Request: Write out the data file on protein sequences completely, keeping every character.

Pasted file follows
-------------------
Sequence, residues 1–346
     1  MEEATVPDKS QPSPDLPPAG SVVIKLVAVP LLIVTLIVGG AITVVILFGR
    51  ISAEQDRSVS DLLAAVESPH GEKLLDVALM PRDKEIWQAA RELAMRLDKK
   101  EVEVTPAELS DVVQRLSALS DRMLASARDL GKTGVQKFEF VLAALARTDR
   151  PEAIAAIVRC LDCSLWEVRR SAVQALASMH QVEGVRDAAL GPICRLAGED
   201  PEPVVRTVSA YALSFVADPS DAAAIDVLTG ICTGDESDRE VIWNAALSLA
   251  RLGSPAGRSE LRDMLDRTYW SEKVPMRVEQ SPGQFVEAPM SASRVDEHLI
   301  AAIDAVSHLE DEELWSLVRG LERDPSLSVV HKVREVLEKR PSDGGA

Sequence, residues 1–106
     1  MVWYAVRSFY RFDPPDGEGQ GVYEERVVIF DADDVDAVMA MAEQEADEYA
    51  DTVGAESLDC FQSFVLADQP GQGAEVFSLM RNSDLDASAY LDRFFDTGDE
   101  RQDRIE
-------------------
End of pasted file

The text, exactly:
Sequence, residues 1–346
     1  MEEATVPDKS QPSPDLPPAG SVVIKLVAVP LLIVTLIVGG AITVVILFGR
    51  ISAEQDRSVS DLLAAVESPH GEKLLDVALM PRDKEIWQAA RELAMRLDKK
   101  EVEVTPAELS DVVQRLSALS DRMLASARDL GKTGVQKFEF VLAALARTDR
   151  PEAIAAIVRC LDCSLWEVRR SAVQALASMH QVEGVRDAAL GPICRLAGED
   201  PEPVVRTVSA YALSFVADPS DAAAIDVLTG ICTGDESDRE VIWNAALSLA
   251  RLGSPAGRSE LRDMLDRTYW SEKVPMRVEQ SPGQFVEAPM SASRVDEHLI
   301  AAIDAVSHLE DEELWSLVRG LERDPSLSVV HKVREVLEKR PSDGGA

Sequence, residues 1–106
     1  MVWYAVRSFY RFDPPDGEGQ GVYEERVVIF DADDVDAVMA MAEQEADEYA
    51  DTVGAESLDC FQSFVLADQP GQGAEVFSLM RNSDLDASAY LDRFFDTGDE
   101  RQDRIE